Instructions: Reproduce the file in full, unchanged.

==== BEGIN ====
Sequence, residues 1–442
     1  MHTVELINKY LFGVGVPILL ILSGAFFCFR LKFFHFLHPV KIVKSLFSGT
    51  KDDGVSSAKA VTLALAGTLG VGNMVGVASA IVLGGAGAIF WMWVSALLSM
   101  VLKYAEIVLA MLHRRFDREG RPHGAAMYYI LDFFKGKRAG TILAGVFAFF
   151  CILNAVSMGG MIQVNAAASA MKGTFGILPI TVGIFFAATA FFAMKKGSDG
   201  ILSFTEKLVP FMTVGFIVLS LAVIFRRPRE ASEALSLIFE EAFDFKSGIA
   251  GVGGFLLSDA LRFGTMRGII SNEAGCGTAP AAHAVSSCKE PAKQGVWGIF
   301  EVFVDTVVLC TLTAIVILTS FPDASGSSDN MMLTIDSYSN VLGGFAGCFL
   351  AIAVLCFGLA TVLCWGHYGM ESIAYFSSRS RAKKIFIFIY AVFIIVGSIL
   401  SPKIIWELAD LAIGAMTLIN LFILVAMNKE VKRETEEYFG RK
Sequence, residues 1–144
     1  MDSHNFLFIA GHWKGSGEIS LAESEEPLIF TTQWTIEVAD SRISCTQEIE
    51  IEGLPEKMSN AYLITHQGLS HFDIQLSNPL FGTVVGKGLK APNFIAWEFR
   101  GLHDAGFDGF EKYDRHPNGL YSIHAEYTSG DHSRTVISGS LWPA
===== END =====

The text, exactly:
Sequence, residues 1–442
     1  MHTVELINKY LFGVGVPILL ILSGAFFCFR LKFFHFLHPV KIVKSLFSGT
    51  KDDGVSSAKA VTLALAGTLG VGNMVGVASA IVLGGAGAIF WMWVSALLSM
   101  VLKYAEIVLA MLHRRFDREG RPHGAAMYYI LDFFKGKRAG TILAGVFAFF
   151  CILNAVSMGG MIQVNAAASA MKGTFGILPI TVGIFFAATA FFAMKKGSDG
   201  ILSFTEKLVP FMTVGFIVLS LAVIFRRPRE ASEALSLIFE EAFDFKSGIA
   251  GVGGFLLSDA LRFGTMRGII SNEAGCGTAP AAHAVSSCKE PAKQGVWGIF
   301  EVFVDTVVLC TLTAIVILTS FPDASGSSDN MMLTIDSYSN VLGGFAGCFL
   351  AIAVLCFGLA TVLCWGHYGM ESIAYFSSRS RAKKIFIFIY AVFIIVGSIL
   401  SPKIIWELAD LAIGAMTLIN LFILVAMNKE VKRETEEYFG RK
Sequence, residues 1–144
     1  MDSHNFLFIA GHWKGSGEIS LAESEEPLIF TTQWTIEVAD SRISCTQEIE
    51  IEGLPEKMSN AYLITHQGLS HFDIQLSNPL FGTVVGKGLK APNFIAWEFR
   101  GLHDAGFDGF EKYDRHPNGL YSIHAEYTSG DHSRTVISGS LWPA